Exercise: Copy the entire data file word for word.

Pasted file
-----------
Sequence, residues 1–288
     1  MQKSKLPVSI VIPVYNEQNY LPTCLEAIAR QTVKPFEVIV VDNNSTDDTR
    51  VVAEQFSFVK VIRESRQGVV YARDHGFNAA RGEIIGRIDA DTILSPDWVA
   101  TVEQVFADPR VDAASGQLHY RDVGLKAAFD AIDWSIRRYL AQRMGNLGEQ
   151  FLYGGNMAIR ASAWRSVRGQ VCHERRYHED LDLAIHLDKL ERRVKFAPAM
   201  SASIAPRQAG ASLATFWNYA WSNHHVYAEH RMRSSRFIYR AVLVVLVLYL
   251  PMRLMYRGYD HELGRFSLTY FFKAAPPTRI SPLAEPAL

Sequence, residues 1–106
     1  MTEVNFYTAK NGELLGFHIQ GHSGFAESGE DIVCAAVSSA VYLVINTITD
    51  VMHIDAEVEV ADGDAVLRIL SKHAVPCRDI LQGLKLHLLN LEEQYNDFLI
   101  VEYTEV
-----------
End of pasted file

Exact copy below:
Sequence, residues 1–288
     1  MQKSKLPVSI VIPVYNEQNY LPTCLEAIAR QTVKPFEVIV VDNNSTDDTR
    51  VVAEQFSFVK VIRESRQGVV YARDHGFNAA RGEIIGRIDA DTILSPDWVA
   101  TVEQVFADPR VDAASGQLHY RDVGLKAAFD AIDWSIRRYL AQRMGNLGEQ
   151  FLYGGNMAIR ASAWRSVRGQ VCHERRYHED LDLAIHLDKL ERRVKFAPAM
   201  SASIAPRQAG ASLATFWNYA WSNHHVYAEH RMRSSRFIYR AVLVVLVLYL
   251  PMRLMYRGYD HELGRFSLTY FFKAAPPTRI SPLAEPAL

Sequence, residues 1–106
     1  MTEVNFYTAK NGELLGFHIQ GHSGFAESGE DIVCAAVSSA VYLVINTITD
    51  VMHIDAEVEV ADGDAVLRIL SKHAVPCRDI LQGLKLHLLN LEEQYNDFLI
   101  VEYTEV